Friday, September 08, 2017

Global Teaching Excellence Award finalist and afterthoughts

Over the weekend I made a quick trip to London to attend an event.  It was the Global Teaching Excellence Award organised by the Higher Education Academy of UK.  The Hong Kong Polytechnic University was selected as one of the 27 finalists for the award. So I have to attend the dinner and award ceremony with my colleague G on behalf of the university, because our submission was based on our work on service-learning. 

The award was eventually given to University of Huddersfield.  Among the 27 finalists, 16 were from UK, 5 from Australia, and one each from Hong Kong, Canada, Norway, Switzerland, South Africa and Netherlands. We heard that ~300 universities were involved.  Evidently PolyU is the only university from Hong Kong (in fact, from all of Asia) shortlisted as one of the finalists.  But we do not know how many from Hong Kong (or Asia) have entered.  

Being a finalist for the award is, of course, an honour for our university.  It also caused me to think about how ti came to be.   That fact that so much have been done in the past 7 years is nothing short of a miracle.  If Prof. Walter Yuen had not become our Vice-President of Academic Development; … if there were no transition from 3 year undergraduate programs to 4 years, giving us one more year to design a proper general education program; … if we had not developed a extra-curricular, sizeable, community service learning program by then; … if we had not had some passionate service-learning advocates to lead the effort from the beginning; … if subsequently we had not had strong backers in Prof. Timothy Tong, Prof. Angie Yuen and Prof. Daniel Shek; … if we had not developed a community of passionate teachers; … if we had not had the funds raised by our alumni office; … if we had not had the strong support of “supporting” units and administrators …  then all these most likely would not have happened.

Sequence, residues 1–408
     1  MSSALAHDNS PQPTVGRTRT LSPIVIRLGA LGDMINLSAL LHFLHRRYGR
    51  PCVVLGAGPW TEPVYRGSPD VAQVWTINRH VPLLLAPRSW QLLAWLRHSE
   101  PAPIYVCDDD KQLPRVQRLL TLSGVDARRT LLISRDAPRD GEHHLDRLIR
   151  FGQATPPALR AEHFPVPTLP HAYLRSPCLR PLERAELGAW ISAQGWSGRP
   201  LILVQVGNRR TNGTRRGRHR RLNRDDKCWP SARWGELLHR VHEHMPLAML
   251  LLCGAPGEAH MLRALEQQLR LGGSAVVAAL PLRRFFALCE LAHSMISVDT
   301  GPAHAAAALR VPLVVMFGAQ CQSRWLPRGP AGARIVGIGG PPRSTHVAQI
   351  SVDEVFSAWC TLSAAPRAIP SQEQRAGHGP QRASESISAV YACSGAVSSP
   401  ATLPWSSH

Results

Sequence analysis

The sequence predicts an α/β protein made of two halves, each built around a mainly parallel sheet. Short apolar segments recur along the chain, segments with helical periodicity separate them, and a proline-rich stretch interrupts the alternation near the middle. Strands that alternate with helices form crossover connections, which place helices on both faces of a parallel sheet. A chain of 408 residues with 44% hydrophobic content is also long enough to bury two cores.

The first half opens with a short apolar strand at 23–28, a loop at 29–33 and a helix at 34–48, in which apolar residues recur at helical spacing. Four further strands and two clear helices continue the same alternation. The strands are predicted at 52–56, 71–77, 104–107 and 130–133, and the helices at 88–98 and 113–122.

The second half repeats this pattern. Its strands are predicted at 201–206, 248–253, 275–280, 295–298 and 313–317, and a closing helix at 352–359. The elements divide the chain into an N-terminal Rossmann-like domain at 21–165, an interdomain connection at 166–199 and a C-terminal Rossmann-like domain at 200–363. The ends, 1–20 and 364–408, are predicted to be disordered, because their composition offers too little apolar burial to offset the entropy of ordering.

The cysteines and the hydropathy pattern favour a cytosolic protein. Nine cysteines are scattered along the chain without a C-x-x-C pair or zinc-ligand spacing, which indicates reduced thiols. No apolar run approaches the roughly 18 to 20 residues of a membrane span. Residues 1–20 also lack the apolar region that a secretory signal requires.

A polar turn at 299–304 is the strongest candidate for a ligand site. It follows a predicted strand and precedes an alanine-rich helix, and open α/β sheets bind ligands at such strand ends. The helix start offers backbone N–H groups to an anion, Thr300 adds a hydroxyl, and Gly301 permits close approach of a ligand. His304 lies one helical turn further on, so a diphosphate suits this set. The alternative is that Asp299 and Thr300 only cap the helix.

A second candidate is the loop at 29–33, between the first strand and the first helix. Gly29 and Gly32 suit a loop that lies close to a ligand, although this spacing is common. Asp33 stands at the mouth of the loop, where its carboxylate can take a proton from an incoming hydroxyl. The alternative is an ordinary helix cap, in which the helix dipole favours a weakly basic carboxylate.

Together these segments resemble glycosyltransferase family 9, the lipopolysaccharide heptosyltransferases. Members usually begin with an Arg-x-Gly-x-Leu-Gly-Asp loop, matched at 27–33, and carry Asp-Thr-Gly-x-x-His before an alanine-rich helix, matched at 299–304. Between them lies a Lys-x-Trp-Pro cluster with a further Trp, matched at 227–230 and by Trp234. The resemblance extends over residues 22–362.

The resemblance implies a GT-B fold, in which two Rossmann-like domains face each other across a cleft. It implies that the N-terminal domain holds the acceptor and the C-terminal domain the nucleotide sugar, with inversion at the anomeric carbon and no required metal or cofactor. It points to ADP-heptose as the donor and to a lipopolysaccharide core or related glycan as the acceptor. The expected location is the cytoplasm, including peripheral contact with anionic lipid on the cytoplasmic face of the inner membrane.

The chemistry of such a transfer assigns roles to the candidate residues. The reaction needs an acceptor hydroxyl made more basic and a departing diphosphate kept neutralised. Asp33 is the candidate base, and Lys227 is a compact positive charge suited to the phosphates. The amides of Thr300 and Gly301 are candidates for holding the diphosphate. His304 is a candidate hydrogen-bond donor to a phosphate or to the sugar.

People might consider this a happy coincidence.  But some of us know better.  It is God’s providence, more than anything else, that caused it to happen.  I have been in the thick of it from the beginning. I certainly did not plan it this way, and I don’t believe anybody else did.  

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